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Promoting Positive Youth Development of Black Youth: A Rites of Passage Framework

Harrison P. Pinckney, Corliss Outley, Jamilla J. Blake, Brandy Kelly

Abstract


Adolescence is viewed widely as a critical stage in the development of youth as they transition from childhood to adulthood. This stage is highlighted by the complex interactions of physical, emotional, and social changes youth must manage. The difficulties associated with adolescence are further complicated for youth of color who are additionally confronted with the meanings, expectations, and attitudes associated with their race and/or ethnicity. For African American youth in particular, the stereotypes to which they and other members of their race are ascribed can, and oftentimes do, have an adverse affect on their overall development. As such, it is imperative that recreation providers working with youth of color understand not only the challenges these youth will face but also how their programs can positively impact them, thus promoting healthy development. Some have suggested that rites of passage programs are one way to accomplish this goal. Rites of passage programs are a systematic series of lessons, workshops, and discussions that provide youth of color with a better understanding of who they are by educating them about their ancestry. These rites are considered necessary to prepare an adolescent for adulthood as they are provided with skills, knowledge, and awareness deemed vital to their future success. “Rites of passage” is not a new concept as many cultures, including African, have used this as a means of preserving and transferring their sacred history and traditional rituals (e.g., Mexican, Native American). There are many cultures that still incorporate rites of passage in their daily living. Many African American1 communities have adopted rites of passage programs to prepare their youth for adulthood. While these programs have shown some level of success, they are limited in scope as they are oftentimes implemented by families, local churches, or other private groups. This paper suggests that rites of passage programs can be implemented in recreation settings where youth of color (especially African American youth) are being served. Drawing from what is already known about these programs and their successes and challenges, best practices are offered to insure the successful implementation of similar programs in varied recreation settings.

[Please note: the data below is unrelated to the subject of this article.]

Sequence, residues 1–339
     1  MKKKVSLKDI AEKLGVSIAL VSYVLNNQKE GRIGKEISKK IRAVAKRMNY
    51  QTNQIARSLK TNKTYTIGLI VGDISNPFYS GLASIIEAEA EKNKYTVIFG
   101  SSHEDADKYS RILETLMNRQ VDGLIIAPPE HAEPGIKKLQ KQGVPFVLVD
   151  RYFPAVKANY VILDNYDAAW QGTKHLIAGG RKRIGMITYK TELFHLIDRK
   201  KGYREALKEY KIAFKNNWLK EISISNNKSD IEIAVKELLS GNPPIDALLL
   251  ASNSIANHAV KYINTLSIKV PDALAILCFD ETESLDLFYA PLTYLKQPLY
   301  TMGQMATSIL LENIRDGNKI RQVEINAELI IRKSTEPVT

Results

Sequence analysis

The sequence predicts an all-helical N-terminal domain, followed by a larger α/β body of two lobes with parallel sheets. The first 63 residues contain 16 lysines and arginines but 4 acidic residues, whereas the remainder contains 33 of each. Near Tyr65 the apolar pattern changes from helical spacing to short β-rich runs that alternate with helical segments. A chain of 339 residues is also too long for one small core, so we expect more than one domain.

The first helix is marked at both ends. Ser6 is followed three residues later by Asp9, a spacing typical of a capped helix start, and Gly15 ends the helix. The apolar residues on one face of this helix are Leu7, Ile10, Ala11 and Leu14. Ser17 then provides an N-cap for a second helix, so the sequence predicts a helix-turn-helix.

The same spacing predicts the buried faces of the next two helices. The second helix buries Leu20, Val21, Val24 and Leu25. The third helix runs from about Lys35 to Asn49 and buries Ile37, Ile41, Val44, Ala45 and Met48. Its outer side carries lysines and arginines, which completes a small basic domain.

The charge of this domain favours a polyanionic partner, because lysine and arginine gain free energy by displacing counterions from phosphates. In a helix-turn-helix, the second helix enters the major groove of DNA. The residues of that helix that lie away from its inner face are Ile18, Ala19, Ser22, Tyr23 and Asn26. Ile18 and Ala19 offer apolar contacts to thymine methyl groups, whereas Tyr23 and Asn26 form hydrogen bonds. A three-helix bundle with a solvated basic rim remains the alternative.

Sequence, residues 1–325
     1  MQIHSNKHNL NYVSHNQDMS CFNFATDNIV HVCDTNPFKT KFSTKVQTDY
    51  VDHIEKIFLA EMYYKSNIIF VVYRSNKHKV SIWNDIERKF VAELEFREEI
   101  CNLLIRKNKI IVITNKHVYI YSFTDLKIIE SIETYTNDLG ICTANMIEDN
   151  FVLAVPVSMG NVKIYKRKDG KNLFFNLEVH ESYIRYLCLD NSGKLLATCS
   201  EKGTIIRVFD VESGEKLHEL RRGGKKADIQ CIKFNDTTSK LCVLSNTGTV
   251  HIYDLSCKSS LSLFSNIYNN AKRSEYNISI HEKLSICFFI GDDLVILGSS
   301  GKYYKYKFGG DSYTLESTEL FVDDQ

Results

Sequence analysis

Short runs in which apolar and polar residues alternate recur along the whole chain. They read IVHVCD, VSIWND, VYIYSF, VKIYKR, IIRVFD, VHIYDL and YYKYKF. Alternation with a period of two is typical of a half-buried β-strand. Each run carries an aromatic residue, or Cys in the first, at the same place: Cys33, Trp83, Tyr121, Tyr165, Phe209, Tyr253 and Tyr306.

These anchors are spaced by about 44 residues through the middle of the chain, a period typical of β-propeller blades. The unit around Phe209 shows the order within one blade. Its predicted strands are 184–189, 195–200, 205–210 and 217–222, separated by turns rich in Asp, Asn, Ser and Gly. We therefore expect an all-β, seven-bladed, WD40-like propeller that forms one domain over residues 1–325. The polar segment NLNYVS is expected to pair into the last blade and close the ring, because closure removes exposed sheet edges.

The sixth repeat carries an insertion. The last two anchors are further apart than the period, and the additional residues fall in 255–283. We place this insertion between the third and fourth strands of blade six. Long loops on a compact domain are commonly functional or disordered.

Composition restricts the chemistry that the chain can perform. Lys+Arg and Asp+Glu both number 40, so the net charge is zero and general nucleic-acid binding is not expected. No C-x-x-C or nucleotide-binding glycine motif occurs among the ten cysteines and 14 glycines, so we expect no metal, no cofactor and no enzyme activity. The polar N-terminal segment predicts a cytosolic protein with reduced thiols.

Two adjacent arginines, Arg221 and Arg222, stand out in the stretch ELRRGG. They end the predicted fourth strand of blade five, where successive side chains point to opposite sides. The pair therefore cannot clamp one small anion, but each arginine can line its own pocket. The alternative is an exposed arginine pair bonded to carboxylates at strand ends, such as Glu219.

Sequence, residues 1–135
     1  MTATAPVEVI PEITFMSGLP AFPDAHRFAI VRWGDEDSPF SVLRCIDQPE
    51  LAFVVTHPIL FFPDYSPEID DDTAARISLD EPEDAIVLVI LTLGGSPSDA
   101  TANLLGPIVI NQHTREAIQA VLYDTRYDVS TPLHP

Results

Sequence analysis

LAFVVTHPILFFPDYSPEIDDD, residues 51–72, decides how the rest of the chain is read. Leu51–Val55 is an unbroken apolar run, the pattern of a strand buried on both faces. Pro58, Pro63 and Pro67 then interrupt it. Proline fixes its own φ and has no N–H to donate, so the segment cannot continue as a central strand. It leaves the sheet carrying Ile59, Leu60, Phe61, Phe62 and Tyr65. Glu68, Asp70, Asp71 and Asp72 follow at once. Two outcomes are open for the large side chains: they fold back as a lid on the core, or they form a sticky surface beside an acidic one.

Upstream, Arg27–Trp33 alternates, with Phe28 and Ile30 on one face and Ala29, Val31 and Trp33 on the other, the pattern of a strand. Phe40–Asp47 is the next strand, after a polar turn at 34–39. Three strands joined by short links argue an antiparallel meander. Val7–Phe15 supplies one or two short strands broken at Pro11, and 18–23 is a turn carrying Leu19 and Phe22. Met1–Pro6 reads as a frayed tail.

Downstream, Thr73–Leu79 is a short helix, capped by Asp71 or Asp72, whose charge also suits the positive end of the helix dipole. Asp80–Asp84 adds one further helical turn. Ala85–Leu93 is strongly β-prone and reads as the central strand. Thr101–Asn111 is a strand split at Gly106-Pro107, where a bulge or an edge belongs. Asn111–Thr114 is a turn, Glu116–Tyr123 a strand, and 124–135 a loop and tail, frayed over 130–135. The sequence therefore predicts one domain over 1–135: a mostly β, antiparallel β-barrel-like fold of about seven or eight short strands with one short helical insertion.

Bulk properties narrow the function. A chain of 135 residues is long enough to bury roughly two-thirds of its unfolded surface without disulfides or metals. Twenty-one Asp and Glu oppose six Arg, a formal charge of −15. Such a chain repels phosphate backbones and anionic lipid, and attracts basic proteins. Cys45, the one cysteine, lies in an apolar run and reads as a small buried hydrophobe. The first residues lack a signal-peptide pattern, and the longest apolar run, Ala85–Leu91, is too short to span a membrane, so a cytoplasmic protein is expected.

Note 1: While Black refers to race and African American refers to ethnicity, the term Black is preferred for this study. For the purposes of this paper, African American is used to maintain consistency with the term considered in specific studies.


Keywords


African American is used to maintain consistency with the term cRites of passage; African American youth; racial identity

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